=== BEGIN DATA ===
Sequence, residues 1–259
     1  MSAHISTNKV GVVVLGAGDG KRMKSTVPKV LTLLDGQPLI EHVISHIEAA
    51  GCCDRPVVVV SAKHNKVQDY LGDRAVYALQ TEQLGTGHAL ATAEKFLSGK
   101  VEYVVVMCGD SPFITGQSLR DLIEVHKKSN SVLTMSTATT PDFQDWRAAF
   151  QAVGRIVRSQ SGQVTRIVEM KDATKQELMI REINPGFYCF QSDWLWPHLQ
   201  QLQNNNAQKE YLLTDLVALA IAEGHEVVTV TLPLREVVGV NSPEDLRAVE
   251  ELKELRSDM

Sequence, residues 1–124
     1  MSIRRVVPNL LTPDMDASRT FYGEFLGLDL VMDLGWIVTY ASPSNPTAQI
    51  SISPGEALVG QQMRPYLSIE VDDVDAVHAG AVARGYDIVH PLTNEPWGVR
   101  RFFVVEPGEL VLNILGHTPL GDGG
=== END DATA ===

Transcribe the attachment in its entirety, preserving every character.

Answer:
Sequence, residues 1–259
     1  MSAHISTNKV GVVVLGAGDG KRMKSTVPKV LTLLDGQPLI EHVISHIEAA
    51  GCCDRPVVVV SAKHNKVQDY LGDRAVYALQ TEQLGTGHAL ATAEKFLSGK
   101  VEYVVVMCGD SPFITGQSLR DLIEVHKKSN SVLTMSTATT PDFQDWRAAF
   151  QAVGRIVRSQ SGQVTRIVEM KDATKQELMI REINPGFYCF QSDWLWPHLQ
   201  QLQNNNAQKE YLLTDLVALA IAEGHEVVTV TLPLREVVGV NSPEDLRAVE
   251  ELKELRSDM

Sequence, residues 1–124
     1  MSIRRVVPNL LTPDMDASRT FYGEFLGLDL VMDLGWIVTY ASPSNPTAQI
    51  SISPGEALVG QQMRPYLSIE VDDVDAVHAG AVARGYDIVH PLTNEPWGVR
   101  RFFVVEPGEL VLNILGHTPL GDGG